Japan’s modern government vaccination programme started after World War II. The programme was initially compulsory, and avoiding vaccinations without justifiable reason was subject to penalties. However, as infectious diseases decreased over time, vaccinations came to be viewed as less important, while their side effects were increasingly considered as social problems. As a result, in 1994, the legal obligation to have any vaccination was abandoned, and the Immunisation Act now only requires individuals to make efforts to have vaccinations that are designated by the Immunisation Act and relevant rules and orders.
The Japanese vaccination system is administrated by the MHLW. (However, the register of vaccinations administered is maintained by local governments, which are generally required to keep such records for five years.) In 2013, the Immunisation Act was reviewed and amended (the 2013 Amendment) in response to the swine flu pandemic in 2011. Two of the main purposes of the 2013 Amendment are to give flexibility to the government vaccination programme by allowing the Minister of the MHLW to formulate a Preventative Vaccination Basic Plan and to review it every five years; and to resolve the ‘vaccination gap’ problem, where the number of vaccines supported by the Japanese government is lower than in other developed countries by adding haemophilus influenza type b, pneumococcal and HPV to the government vaccination programme.
The government vaccination programmes
The diseases targeted by the government vaccination programmes are classified into two groups: Category A and Category B.
Category A diseases are defined as ‘diseases which should be included in the vaccination programme in order to prevent their occurrence and transmission, taking into consideration (i) their capability of being transmitted from one person to another; and (ii) their severity or potential severity’, and include the following diseases: diphtheria, pertussis, polio, tetanus, measles, rubella, Japanese encephalitis, BCG, haemophilus influenza type b, pneumococcal, HPV and smallpox.
Category B diseases are defined as ‘diseases which should be included in the vaccination programme in order to prevent individual pathogenesis or severe symptoms, as this will prevent the transmission of such diseases’, and include influenza.
The government vaccination programme involves two types of vaccinations: routine vaccination and temporary vaccination. In addition, there is also voluntary vaccination, which exists outside of the government vaccination programmes in terms of funding.
Routine vaccination is carried out on a routine basis against predetermined individuals who may be affected by the relevant Category A or Category B disease (excluding smallpox). The individuals that are subject to routine vaccination and the date or period for being vaccinated are preliminary determined by the governors of the local government. If such governors recommend individuals to receive a routine vaccination, such individuals or their guardians should make reasonable efforts to have the vaccination administered. However, it is not mandatory to receive a routine vaccination.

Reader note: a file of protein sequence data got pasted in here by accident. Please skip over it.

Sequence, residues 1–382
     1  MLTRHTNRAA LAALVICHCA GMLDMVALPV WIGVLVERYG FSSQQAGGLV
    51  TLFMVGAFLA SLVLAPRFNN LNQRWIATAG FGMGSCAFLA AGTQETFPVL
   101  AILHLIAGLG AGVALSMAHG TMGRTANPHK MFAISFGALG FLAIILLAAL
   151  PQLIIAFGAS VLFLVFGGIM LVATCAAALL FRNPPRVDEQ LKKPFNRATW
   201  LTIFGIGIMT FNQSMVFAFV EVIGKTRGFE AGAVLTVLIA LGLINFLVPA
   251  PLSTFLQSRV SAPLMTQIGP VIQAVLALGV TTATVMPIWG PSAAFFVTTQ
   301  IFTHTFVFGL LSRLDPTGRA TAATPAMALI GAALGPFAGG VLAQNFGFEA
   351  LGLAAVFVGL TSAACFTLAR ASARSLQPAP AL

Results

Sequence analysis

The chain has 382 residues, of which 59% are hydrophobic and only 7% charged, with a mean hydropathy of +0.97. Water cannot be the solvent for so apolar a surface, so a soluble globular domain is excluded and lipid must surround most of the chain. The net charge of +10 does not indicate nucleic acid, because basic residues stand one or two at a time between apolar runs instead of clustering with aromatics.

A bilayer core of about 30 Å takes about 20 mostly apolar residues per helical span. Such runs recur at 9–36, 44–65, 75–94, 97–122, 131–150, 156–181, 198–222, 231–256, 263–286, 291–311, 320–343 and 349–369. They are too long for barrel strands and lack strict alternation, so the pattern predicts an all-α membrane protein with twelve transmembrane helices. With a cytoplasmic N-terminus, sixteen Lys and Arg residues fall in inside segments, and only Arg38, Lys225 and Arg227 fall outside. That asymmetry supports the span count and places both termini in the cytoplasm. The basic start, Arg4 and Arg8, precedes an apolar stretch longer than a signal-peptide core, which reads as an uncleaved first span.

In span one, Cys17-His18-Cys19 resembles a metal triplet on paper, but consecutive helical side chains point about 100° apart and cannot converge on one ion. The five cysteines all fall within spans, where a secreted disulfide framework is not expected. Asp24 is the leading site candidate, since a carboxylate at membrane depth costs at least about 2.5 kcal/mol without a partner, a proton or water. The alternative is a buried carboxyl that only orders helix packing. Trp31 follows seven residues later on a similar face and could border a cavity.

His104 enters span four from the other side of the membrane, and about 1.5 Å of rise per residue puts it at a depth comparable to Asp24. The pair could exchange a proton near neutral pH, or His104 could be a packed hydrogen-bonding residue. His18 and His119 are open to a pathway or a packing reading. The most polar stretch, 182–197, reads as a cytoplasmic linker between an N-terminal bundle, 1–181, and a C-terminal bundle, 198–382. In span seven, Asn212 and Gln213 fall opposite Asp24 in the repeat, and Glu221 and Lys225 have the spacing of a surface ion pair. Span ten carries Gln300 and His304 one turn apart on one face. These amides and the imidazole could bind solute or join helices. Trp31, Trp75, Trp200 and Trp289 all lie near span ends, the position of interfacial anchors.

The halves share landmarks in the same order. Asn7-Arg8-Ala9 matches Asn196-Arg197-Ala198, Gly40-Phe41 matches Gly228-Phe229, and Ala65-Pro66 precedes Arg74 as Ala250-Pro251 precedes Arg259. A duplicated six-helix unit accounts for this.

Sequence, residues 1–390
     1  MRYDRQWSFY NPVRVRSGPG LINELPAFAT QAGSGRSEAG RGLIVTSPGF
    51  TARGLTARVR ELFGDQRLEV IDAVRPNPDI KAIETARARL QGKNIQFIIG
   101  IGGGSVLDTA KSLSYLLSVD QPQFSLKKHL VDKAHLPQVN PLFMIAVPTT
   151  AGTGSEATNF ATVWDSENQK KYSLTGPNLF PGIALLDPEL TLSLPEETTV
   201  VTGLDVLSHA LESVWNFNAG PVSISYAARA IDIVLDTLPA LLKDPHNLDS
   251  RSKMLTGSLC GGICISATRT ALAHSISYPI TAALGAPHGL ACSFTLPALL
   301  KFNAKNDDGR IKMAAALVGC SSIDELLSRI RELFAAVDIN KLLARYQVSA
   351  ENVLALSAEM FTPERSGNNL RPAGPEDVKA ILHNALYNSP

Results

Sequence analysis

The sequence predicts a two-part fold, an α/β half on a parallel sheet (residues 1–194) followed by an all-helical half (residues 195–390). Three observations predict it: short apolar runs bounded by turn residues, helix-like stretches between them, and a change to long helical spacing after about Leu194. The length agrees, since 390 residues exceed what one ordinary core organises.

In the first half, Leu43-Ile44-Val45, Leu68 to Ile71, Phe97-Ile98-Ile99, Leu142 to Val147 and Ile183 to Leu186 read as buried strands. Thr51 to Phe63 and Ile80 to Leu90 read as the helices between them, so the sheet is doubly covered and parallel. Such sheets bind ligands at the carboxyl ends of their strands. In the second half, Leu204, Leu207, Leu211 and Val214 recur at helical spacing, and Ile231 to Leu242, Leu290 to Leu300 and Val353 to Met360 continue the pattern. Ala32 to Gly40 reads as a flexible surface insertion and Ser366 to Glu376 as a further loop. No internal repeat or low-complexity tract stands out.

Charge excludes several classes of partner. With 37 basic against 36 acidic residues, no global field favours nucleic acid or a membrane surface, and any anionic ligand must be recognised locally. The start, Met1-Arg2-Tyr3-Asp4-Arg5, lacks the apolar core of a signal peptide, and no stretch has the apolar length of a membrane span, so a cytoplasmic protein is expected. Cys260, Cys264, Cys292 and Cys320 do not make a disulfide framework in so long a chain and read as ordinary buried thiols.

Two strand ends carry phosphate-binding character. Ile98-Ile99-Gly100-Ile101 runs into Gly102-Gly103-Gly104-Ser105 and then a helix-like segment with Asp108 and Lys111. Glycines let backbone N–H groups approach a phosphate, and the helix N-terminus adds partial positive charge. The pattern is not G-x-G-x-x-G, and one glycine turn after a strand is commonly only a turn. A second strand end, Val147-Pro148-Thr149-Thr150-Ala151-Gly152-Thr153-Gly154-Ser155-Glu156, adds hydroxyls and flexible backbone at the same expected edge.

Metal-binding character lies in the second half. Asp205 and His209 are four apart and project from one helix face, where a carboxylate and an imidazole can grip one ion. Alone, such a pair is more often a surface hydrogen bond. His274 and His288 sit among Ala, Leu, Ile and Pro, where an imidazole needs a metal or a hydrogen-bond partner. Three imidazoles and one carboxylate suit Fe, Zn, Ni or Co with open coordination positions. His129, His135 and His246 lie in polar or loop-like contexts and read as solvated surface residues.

If the governors of the local governments find that there is an urgent necessity for vaccinations to prevent the transmission of a Category A or Category B disease, they may recommend designated individuals to receive temporary vaccinations at a designated time or period. If such a recommendation is made, the designated individuals or their guardians should make reasonable efforts to have the vaccination administered. However, it is not mandatory to receive a temporary vaccination.
Individuals can voluntarily receive vaccinations for diseases that are not listed as Category A and Category B diseases, provided they must bear all expenses. Further, vaccinations for Category A and Category B diseases that are received outside the designated date or period are considered to be voluntary vaccinations and the recipients of such vaccinations must bear all expenses.
Costs for vaccinations
Most of the costs for routine and temporary vaccinations are covered by public financial support, and some local governments even provide them for free. However, the costs for voluntary vaccinations must be fully borne by recipients.
Under the Act, it is provided that if any damage to health is caused by routine or temporary vaccinations, the governors of local governments shall provide relief measures. With respect to voluntary vaccinations, individuals may receive relief through the relief system provided by the PMDA for injuries to health caused by pharmaceutical products with adverse effects.
All medical agencies that provide routine and temporary vaccinations, individuals that receive vaccinations and their guardians shall report any damage to health caused by routine or temporary vaccinations (or both) to the MHLW.
If the MHLW receives such a report, it may ask the PMDA to investigate the case. Based on the investigation results of the PMDA, the MHLW, in close cooperation with the National Institute of Infectious Diseases, will organise all information concerning the adverse effects of the vaccination, report such information to each local government and recommend necessary measures to be taken to prevent the adverse effects.
WHO targets for vaccination
As of 1 August 2013, the WHO recommends routine vaccinations against the following diseases: BCG, hepatitis B, polio, DTP, haemophilus influenza type b, pneumococcal, rotavirus, measles, rubella and HPV.
The 2013 Amendment to the Act added haemophilus influenza type b, pneumococcal and HPV to the list of Category A diseases as of April 2013, and, as a result, the government vaccination programmes now cover all the routine vaccinations recommended by the WHO, except for hepatitis B and rotavirus vaccinations.
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